According to a recent release by The International Air Transport Association (IATA) demand for air cargo continues to face significant headwinds. Global economic activity and consumer confidence have weakened and the Purchasing Managers Index (PMI) for manufacturing and export orders has indicated falling global export orders since September 2018.

Only two of six regions reported year-on-year demand growth in January 2019 – North America and Africa. Asia-Pacific, Europe and the Middle East all contracted, while Latin America was flat.

Asia-Pacific airlines saw demand for air freight shrink by 3.6% in January 2019, compared to the same period in 2018. Weaker manufacturing conditions for exporters in the region, ongoing trade tensions and a slowing of the Chinese economy impacted the market. Capacity increased by 4.1%.

North American airlines posted the fastest growth of any region for the eighth consecutive month in January 2019, with an increase in demand of 3.3% compared to the same period a year earlier. Capacity increased by 5.0%. The strength of the US economy and consumer spending have helped support the demand for air cargo over the past year, benefiting US carriers.

European airlines experienced a contraction in freight demand of 3.1% in January 2019 compared to a year ago. Capacity increased by 2.8% year-on-year. Weaker manufacturing conditions for exporters, and shorter supplier delivery times particularly in Germany, one of Europe’s key export markets, impacted demand. Trade tensions and uncertainty over Brexit also contributed to a weakening in demand.

Middle Eastern airlines freight volumes contracted 4.5% in January 2019 compared to the year-ago period. Capacity increased by 4.1%. Seasonally-adjusted international air cargo demand, which trended upwards for the past three months helped by stronger trade to/from Europe and Asia, has started to decline.

Latin American airlines freight demand was flat (0.0%) in January 2019 versus last year. Despite the economic uncertainty in the region, a number of key markets are performing strongly. Freight traffic within South America and between Central and South America grw at a double-digit rate in January. And demand on routes between North and South America also performed well. Capacity decreased by 0.7%.

African carriers saw freight demand increase by 1.0% in January 2019, compared to the same month in 2018. Capacity grew 8.2% year-on-year. Seasonally-adjusted air cargo demand has now trended upwards for six months. And while seasonally-adjusted international freight volumes are lower than their peak in mid-2017, they are still 35% higher than their most recent trough in late-2015.

Source: IATA Airfreight Market Analysis January 2019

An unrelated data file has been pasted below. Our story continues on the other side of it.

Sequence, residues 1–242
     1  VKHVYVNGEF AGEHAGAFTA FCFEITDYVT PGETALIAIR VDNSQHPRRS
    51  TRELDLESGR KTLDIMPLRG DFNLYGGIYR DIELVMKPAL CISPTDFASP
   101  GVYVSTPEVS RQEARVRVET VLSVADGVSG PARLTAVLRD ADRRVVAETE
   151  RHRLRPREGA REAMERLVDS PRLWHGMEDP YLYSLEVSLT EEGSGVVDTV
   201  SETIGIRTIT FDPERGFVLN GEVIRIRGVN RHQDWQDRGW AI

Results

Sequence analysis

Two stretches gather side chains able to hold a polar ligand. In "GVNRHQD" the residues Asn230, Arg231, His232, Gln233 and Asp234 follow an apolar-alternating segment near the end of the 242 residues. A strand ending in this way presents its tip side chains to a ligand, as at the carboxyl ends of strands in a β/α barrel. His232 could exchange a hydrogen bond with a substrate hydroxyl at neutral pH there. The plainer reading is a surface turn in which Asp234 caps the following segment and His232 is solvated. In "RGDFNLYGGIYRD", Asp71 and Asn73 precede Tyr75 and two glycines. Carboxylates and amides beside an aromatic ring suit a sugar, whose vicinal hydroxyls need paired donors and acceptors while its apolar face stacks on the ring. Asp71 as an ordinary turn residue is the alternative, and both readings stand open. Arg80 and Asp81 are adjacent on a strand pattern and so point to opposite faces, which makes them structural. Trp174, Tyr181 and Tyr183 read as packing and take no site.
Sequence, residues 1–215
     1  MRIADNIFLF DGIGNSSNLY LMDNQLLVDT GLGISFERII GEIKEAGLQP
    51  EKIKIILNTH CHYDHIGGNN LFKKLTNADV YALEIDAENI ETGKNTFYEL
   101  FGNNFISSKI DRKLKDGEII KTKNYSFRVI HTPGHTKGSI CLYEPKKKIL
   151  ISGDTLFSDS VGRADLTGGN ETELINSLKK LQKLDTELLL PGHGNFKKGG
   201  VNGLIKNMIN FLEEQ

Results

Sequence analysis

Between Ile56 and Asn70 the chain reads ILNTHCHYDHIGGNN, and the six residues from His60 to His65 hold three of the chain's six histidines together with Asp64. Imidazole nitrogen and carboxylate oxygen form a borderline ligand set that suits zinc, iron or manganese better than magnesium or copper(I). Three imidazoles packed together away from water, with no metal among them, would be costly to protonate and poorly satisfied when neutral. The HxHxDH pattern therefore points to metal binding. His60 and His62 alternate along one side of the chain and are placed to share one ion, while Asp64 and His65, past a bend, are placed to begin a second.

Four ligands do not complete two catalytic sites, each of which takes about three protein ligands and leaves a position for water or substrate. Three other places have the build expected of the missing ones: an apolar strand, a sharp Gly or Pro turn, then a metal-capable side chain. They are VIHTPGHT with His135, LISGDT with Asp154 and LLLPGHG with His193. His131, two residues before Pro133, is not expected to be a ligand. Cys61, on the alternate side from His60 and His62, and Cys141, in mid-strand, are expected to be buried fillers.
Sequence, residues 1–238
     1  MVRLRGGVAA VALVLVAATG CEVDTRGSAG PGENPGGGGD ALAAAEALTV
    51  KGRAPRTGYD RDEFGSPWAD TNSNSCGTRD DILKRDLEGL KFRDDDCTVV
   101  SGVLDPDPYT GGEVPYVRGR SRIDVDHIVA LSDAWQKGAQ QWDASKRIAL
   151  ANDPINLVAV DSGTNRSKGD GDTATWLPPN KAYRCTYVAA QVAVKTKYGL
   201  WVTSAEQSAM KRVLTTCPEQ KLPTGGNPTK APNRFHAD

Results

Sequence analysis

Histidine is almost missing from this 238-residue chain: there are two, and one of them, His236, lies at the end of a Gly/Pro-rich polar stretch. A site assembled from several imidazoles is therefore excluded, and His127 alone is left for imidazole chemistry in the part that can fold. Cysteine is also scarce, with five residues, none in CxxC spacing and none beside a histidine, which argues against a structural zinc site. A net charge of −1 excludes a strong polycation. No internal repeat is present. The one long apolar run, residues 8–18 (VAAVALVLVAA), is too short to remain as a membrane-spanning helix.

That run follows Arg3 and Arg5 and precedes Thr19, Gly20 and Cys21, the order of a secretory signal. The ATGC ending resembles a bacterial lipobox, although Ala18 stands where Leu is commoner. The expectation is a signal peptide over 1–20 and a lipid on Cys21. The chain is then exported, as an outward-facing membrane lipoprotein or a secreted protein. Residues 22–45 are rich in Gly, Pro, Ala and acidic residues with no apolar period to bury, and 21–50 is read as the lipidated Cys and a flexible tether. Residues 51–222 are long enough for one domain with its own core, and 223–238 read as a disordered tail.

Bristol Port, one of the UK’s Major Ports, has revealed that they are Brexit ready in a new information sheet that explains why they are optimistic about the future in these uncertain times.

Chief Executive Officer, David Brown, reported:

“65% of the cargo that Bristol Port deals with is non-EU. We remain confident that our systems and operations will continue to function smoothly and efficiently once we leave the EU and whether there is a deal or not. Bristol Port does not deal with food for people nor with accompanied roll-on roll-off trailers. We have had excellent dialogue with the relevant Government Departments and we expect any additional administrative burden to be kept to a minimum. And the one thing that Brexit cannot change is our geography and we strongly believe our west coast gateway will enable us to thrive and flourish in the post Brexit trading climate.”

As a global gateway, Bristol Port adds £1 billion to the British economy every year. The Port handles an eclectic range of cargos with multiple and frequent global connections. With a deep-water depth of 14.5m accommodating vessels up to 130,000 tonnes dwt, the Port has the natural capabilities to handle some of the largest ships in the world. Bristol Port has invested more than £500 million of private finance into the Port since 1991. Recent investments have included a £7m container terminal update, the purchase of 2 new RTGs (rubber-tyred gantry cranes) and the purchase of additional land to meet customer requirements for storage.

Bristol Port is ready to continue trading as a global gateway, whatever the Brexit outcome.

Did you know we have an office based at the Bristol Port. Our team can provide a range of freight forwarding services to meet your requirements. For more information please send your enquiry to sales@uk.ligentia.com